Neurovertebral decompression: a safe and effective solution to chronic back and neck pain, herniated discs and bulging discs

 

 

neurovertebral decompression

 

Neurovertebral decompression is a non-invasive, non-surgical treatment for certain types of chronic back and neck pain. Mechanical decompression is done slowly by gently but thoroughly stretching the spine with a computer-controlled decompression table to reduce pressure in the compressed discs and vertebrae. The neurovertebral decompression is one of the most impressive technological breakthroughs in the medical world in recent years, as it offers good long-term statistical results for the relief of pain caused by herniated discdisc bulge, crushed discs, the sciaticafacet syndrome and many other chronic back and neck conditions.

 

neurovertebral decompression

 

Conditions treated by Neurovertebral Decompression

 

Herniated Disc and Neurovertebral Decompression

 

The herniated disc is, without a doubt, the most common condition treated in neurovertebral decompression. In addition, when the compressed spine is not properly treated, herniated discs can expand over time and put pressure on the spinal nerve roots, increasing pain and symptoms. Decompression reduces the pressure on these damaged discs so that the disc bulge gradually decreases until it is reduced to near its original size.

 

neurovertebral decompression

 

Osteoarthritis and neurovertebral decompression

 

Degenerative disc diseases such as osteoarthritis or disc disease are also common conditions treated with neurovertebral decompression. The decrease in disc size in thickness can be aggravated by compression of the spine, causing the vertebral bodies to move closer together. This can cause nerve compression and other forms of back pain. Neurovertebral decompression eliminates the pressure that crushes degenerated discs, thereby reducing or eliminating painful symptoms.

 

neurovertebral decompression

 

Disc bulge and neurovertebral decompression

 

Disc bulge is a less serious condition than disc herniation, since the annulus of the disc is usually not cracked and the disc nucleus does not leak through this opening. However, it can be just as painful. The bulging disc responds well to neurovertebral decompression treatment. On the other hand, when the compressed disc is not properly treated or “decompressed”, the bulge could develop into a herniated disc over time and put even more pressure on the spinal nerve roots or spinal cord, thus increasing pain and symptoms. Similar to herniated discs, decompression reduces the pressure on these damaged discs so that the disc bulge gradually decreases until it is reduced to near its original size.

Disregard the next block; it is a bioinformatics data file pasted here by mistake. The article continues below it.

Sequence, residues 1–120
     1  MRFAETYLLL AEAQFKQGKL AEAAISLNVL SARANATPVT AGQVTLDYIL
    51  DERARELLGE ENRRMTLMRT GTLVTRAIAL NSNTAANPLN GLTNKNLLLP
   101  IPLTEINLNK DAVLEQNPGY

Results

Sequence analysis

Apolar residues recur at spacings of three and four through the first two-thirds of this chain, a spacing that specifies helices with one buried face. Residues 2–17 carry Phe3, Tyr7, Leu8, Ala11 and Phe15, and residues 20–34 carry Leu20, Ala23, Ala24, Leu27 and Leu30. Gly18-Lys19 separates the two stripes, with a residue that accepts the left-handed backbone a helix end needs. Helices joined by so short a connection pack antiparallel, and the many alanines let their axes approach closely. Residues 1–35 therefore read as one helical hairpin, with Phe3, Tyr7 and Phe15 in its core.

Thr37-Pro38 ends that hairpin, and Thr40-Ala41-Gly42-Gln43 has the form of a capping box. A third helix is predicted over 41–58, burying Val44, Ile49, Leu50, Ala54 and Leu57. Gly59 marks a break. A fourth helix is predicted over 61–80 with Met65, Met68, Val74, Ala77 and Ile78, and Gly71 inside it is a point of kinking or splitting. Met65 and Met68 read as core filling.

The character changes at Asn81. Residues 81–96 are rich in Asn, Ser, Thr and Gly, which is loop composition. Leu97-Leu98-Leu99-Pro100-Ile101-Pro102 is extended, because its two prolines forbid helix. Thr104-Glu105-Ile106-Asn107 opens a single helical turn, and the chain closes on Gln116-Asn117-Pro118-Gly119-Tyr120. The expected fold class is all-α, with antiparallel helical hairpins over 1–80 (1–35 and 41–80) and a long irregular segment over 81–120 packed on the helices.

neurovertebral decompression

 

Facet syndrome and neurovertebral decompression

 

Facet syndrome is also a condition that is successfully treated with neurovertebral decompression. However, of all the conditions, this one shows the least promising results for permanent pain relief. Conceptually, facet syndrome causes arthritic pain due to changes in the bone structure of the vertebrae. In addition, decompression helps create more space between the vertebrae, which reduces painful symptoms.

 

neurovertebral decompression

 

Finally, all patients who suffer from chronic back pain or neck pain can expect relief with neurovertebral decompression. We are talking about patients who have tried everything so far (massage, acupuncture, physiotherapy, osteopathy and chiropractic) without result.

Sciatica and neurovertebral decompression

If your sciatica pain is caused by a pinched disc, bulging disc or herniated disc, neurovertebral decompression is a safe and effective treatment for these conditions.

Published research/studies in neurovertebral decompression

 

Download the research that has been published regarding neurovertebral decompression:

 

neurovertebral decompression

 

FREE Special Report on Neurovertebral Decompression for download

neurovertebral decompression

 

To learn more, please visit our website specialized in neuro spinal decompression: www.sosherniateddisc.com